Hokule‘a, crew welcomed in Hilo

  • Photo by TIM WRIGHT

    Mayor Harry Kim and Kimo Pihana talk story before the start of the Hokule‘a welcoming ceremony Monday at Hilo’s Grand Naniloa Hotel.

  • Photo by TIM WRIGHT Hokule‘a crewmember Kawika Crivello is greeted by Kaycie Saiki as the public welcomes the voyaging canoe back Monday at the Grand Naniloa Hotel.

  • Photos by TIM WRIGHT

    Crew member Leiohu Colburn secures the bow of the Hokule‘a on Monday as the public welcomed her back at Hilo’s Grand Naniloa Hotel. The Hokule‘a sailed out of Hilo Bay on May 30, 2014, for Tahiti, the first leg of her 36-month world tour. The voyaging canoe came full circle Sunday, as she docked in Hilo. The Hokule‘a’s crew, including the original crew, will be honored Wednesday during the Merrie Monarch Festival Ho‘ike.

A beloved symbol of Hawaii returned to Hilo on Monday when the voyaging canoe Hokule‘a arrived at Kahele Point at the Grand Naniloa Hotel for the first time since 2014.

During a reception Monday, the canoe and its crew were welcomed back to Hilo at the place where it began its worldwide voyage nearly four years ago.


Hokule‘a departed from Hilo in May 2014 on the three-year-long Malama Honua voyage, where it circumnavigated the globe using only traditional Polynesian wayfaring techniques. Throughout the course of its journey, Hokule‘a traveled more than 43,000 nautical miles — nearly 50,000 regular miles — and stopped at more than 150 ports in more than 23 countries.

Although the globe-trotting voyage ended in June 2017, Hokule‘a never returned to Hilo — the final stop on the journey was Magic Island on Oahu. Later that year, however, Hokule‘a started another journey with its sister ship, Hikianalia.

The “Mahalo, Hawaii” voyage takes both canoes to dozens of ports throughout the Hawaiian archipelago, sharing lessons from the Malama Honua voyage with communities and schools. For two months, Hokule‘a and its crew will remain on the Big Island while the Polynesian Voyaging Society discusses the art of sailing with students from around the island.

Hokule‘a made its first voyage in 1976, when it sailed to Tahiti using nothing but starlight for navigation.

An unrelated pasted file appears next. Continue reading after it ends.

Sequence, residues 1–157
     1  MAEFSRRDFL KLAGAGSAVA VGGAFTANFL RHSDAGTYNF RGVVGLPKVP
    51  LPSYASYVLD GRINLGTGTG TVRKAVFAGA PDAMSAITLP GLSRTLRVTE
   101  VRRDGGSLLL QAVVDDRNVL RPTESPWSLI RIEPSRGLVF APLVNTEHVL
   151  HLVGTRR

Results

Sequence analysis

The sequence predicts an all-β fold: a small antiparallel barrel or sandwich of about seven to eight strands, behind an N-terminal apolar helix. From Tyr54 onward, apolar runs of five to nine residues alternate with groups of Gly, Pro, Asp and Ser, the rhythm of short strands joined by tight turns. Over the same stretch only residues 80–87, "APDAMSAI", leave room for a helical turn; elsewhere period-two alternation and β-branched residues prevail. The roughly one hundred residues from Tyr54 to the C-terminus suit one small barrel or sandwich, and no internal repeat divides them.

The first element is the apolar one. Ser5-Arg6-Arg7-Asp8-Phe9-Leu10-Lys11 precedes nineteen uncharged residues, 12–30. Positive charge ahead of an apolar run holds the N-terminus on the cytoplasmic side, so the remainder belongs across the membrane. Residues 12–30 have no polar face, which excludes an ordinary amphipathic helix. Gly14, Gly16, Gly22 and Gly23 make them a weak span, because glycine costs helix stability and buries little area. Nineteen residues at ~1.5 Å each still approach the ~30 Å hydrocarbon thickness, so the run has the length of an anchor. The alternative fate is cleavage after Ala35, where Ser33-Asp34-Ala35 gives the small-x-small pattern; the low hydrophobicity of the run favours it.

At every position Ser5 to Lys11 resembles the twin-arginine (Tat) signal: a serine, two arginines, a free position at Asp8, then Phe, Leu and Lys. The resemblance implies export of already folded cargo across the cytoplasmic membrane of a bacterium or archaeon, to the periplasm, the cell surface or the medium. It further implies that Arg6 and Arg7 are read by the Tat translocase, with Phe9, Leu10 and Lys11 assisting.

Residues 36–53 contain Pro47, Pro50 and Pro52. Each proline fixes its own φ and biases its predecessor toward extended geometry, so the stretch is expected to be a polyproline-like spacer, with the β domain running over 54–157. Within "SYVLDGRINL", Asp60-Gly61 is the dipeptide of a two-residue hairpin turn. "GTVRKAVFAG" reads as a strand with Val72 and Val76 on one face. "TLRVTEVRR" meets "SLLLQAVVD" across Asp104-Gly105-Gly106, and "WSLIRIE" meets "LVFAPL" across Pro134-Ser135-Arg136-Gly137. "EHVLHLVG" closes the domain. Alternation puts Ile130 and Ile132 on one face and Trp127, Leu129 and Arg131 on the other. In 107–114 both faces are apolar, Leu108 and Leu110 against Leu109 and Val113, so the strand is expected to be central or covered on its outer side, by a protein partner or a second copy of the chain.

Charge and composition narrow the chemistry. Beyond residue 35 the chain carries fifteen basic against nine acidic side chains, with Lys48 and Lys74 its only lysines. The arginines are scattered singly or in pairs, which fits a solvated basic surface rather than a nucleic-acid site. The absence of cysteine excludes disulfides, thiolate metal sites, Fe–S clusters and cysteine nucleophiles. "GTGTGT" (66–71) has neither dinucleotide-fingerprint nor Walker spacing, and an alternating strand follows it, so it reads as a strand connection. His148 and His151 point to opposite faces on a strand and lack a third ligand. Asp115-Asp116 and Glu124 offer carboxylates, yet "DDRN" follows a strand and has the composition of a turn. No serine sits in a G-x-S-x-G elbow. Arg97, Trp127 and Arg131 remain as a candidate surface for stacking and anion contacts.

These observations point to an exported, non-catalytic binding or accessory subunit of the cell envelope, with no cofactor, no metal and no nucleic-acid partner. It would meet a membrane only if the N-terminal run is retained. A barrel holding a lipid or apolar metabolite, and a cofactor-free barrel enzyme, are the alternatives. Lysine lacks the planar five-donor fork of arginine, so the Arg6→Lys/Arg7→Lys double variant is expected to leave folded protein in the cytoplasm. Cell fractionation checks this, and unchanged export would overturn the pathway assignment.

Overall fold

“That first crew was set up to fail,” said Kalani Kahalioumi, a Hilo native, rescue swimmer and apprentice navigator aboard Hokule‘a. “They said there was no way you could sail so far using only the stars. But we found the last wayfinder, and he helped us make it there.”

Since then, Hokule‘a has made voyage after voyage throughout Polynesia, and ancient navigational skills have been passed on to new generations, saving a vitally important part of Hawaiian culture from extinction.

After members of the crew disembarked at Monday’s reception, Hawaii County Mayor Harry Kim spoke about the importance of the vessel and its voyage to Hawaiian culture.

“It’s about celebrating, honoring and respecting being Hawaiian,” Kim said. “It’s honoring the extreme pride of the people of Hawaii.”

Another speaker was Ed Bushor, CEO of Tower Development Inc., which oversaw the renovations to the Grand Naniloa. The hotel, formerly the Hilo Naniloa Hotel, was in a state of disrepair when Hokule‘a departed in 2014, Bushor said.

“As they come back, it represents a new beginning,” Bushor said, explaining that those who witnessed the voyage — even guests at the Grand Naniloa — had an opportunity to see what Hawaiian culture means to its people and the rest of the world.

This year “will be the year of the Hawaiians,” said Hawaii County Councilwoman Sue Lee Loy, who, along with the rest of the County Council, presented the crew with a framed certificate honoring their accomplishments.

The reception concluded with a hula demonstration by several Merrie Monarch dancers and live music performances by Lito Arkangel and Paula Fuga, the latter of whom performed Israel Kamakawiwo‘ole’s “Hokule‘a Star of Gladness.”


Hokule‘a will remain in Hilo for the next several weeks for school field trips, while members of the 1976 crew will make a presentation at 1 p.m. April 5 at the ‘Imiloa Astronomy Center. The vessel will be open to the public during a free dockside canoe tour and education expo from 9 a.m.-5 p.m. April 21 at Wailoa Harbor and again from 9 a.m.-2 p.m. May 5 at Kawaihae Harbor.

Email Michael Brestovansky at

  1. thebamboo April 3, 2018 6:14 am

    The late great Mau Pialug of Satawal is the name of the last wayfinder.

  2. Hawaiiisthebest April 3, 2018 7:52 am

    KapohoKine Adventures raised $2,500 for the Polynesian Voyaging Society during Hokulea’s Hilo arrival. They took 10 people out on the water in paddleboards and kayaks to greet Hokulea, scatter plumeria and then coordinated on-board tour. All proceeds donated! Way to always support the community!!

  3. naeporue April 3, 2018 1:06 pm

    Can you explain how they used traditional wayfaring techniques on the Indian Ocean? Is there a traditional chant describing how to find the way there?

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